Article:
And if we accept that God is sovereign over every molecule in the universe, then Romans 8:28 brings both truths together. God not only CAN work the bad and the good for our benefit, He designs all things to increase our capacity for holiness and Christlikeness (these two are one and the same).

Two brothers in Christ I know are struggling with different issues that trouble them deeply.  As I’ve been praying for them and specifically reflecting on the pot-holed and often painful path God has proscribed for me, I am beginning to feel some liberation that I want to pass on to these men and to others.

From numerous examples in the Bible we can ascribe afflictions like cancer or a car accident or anti-Christian persecution at work to God’s directing hand:

Isaiah 45:7I form light and create darkness,
    I make well-being and create calamity,
    I am the Lord, who does all these things.

In fact, if you don’t subscribe to the idea that God controls these events, you’re left with a powerless God who just sympathizes with you, but can’t direct/stop/influence the universe. That’s Deism, not a god worth worshipping or one in which to rest and seek refuge.

What has been a hurdle for me to get over is the idea that God might have ON PURPOSE designed me with and allowed to develop in me certain:

  • sin patterns
  • unhealthy tendencies
  • wrong ideas
  • harmful dependencies

I’m not saying that God is evil, wrong or even unloving for doing this.  But if He is sovereign, then He created you and me with these flaws for His good purpose. Since His goal for each of His children is holiness, it follows that you and I would receive a tailor-made plan, designed in love by this perfect Father for His perfect ends.


My main sin struggle has been with food/body image/weight as idols. I’m 58 and that issue blossomed when I was 16.  I have suffered years of pain. Yet, I am beginning to see that over these years God has been using my disgusting eating/vomiting/compulsive exercise patterns and embarrassing self-absorption to wean me off of myself and on to Him for everything.

I could also describe my runner-up sin, that of a clutching need for ‘enough time for Maria’, but I’ll spare you. Just know that God is getting lots of mileage out of THAT particular design feature.

The very GOOD …….NEWS (new to me) is that the bad stuff I’ve done and still do is part of God’s ‘individual education program for Maria’.  And you have such a life-long plan, too, if you are one of God’s born-again children!

So what’s uplifting or encouraging about that?  Glad you asked!

I was out on an overnight experience with the 8th grade class this week.  We ate camp food.  The oatmeal tasted REALLY good!  So I ate 2 big bowls at breakfast (plus some fruit, an egg….)

As soon as I did and felt FULL, my default ‘beat-up on Maria/self-absorption shtick’ kicked into high gear.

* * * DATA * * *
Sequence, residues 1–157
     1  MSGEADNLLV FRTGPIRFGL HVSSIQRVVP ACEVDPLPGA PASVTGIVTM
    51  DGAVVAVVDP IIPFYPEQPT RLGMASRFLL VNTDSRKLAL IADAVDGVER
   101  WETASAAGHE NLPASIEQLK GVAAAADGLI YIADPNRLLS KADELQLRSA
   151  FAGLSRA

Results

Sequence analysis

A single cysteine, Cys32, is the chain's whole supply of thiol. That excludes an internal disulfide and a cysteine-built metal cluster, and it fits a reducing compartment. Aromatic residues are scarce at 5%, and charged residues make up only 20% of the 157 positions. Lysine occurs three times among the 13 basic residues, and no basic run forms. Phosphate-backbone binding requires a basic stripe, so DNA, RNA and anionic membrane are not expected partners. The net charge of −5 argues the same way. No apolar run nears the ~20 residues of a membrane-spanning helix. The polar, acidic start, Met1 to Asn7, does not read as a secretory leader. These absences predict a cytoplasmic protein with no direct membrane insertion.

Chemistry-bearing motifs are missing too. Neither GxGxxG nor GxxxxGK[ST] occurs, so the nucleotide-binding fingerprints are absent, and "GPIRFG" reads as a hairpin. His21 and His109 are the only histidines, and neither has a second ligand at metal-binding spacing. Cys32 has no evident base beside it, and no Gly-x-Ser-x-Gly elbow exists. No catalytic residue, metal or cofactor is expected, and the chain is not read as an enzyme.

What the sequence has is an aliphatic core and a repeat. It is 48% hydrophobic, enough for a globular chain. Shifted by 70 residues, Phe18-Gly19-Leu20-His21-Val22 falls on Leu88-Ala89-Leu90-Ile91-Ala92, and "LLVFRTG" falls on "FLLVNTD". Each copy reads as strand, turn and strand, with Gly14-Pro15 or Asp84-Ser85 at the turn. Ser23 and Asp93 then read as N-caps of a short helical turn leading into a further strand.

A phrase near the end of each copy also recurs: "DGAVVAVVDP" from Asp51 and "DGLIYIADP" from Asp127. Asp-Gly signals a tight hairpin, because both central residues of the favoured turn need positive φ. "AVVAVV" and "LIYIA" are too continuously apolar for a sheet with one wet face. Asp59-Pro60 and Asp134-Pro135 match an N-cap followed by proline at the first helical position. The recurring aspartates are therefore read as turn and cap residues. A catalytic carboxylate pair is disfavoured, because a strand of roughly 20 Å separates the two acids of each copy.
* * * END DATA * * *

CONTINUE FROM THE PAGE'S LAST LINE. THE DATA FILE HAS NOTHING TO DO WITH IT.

But THIS time, I talked about IT to myself and said:

  • What’s done is done.  And God knew, allowed and even ordained this.  He is sovereign over each sin/lapse/mistake.  It’s part of His plan for me. Sure I have to deal with the consequences, but ‘good’ is being worked IN me right now.  As I repent and rest in His wisdom, I’m growing in holiness.
  • and even more important (Listen up, my two brothers in Christ!!!) we don’t have to be grim and beat ourselves up. These painful days are ordained for a beautiful end.  You might protest like I have, ‘But I thought I was better than this!….I hate my sin and the fact that I’m letting myself and others down when I wrap myself up in X’!

Believe me, I understand.  But where did our idea that we would NOT be dirty or a slave to something or able to control our behaviors come from? Why are we surprised at our junk?  I think it’s a line straight from Hell:

Satan:  How can you be a real Christian if you are doing THAT!!!!

Before I call it quits on this post, I want to go back to my declaration that God has designed our pleasures, too, for growth in holiness. Paul mentions that he has LEARNED how to be content in Phil 4:12 – I know what it is to be in need, and I know what it is to have plenty. I have learned the secret of being content in any and every situation, whether well fed or hungry, whether living in plenty or in want.

Having what we want, enjoying prosperity can be burdens, too.  We have to gain God’s perspective on success, material well-being and happiness.  Just think of the suffering that befalls lottery winners!  I’m not saying that all the beautiful and pleasing circumstances or gifts are meant as trials.  Just beware that the good stuff can lead to sin, too!

How’s THAT for something to chew on!

Will you be disappointed to know what God’s will is for your life?

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I’m ashamed to admit that in my early years as a Christian I used to brag about my UN-answered very ‘selfless-sounding’ prayer when Mike and I were in a career bind.  We were living in England and he was ‘stuck’ in a commission-only sales job and hated what the stress was doing to his body.  Nurtured by a small group from our church, we began to learn about God from the Bible.  Since we were in a bind about this job crisis, we crafted a spiritual request:

  • Father, just show us your will and we will do it!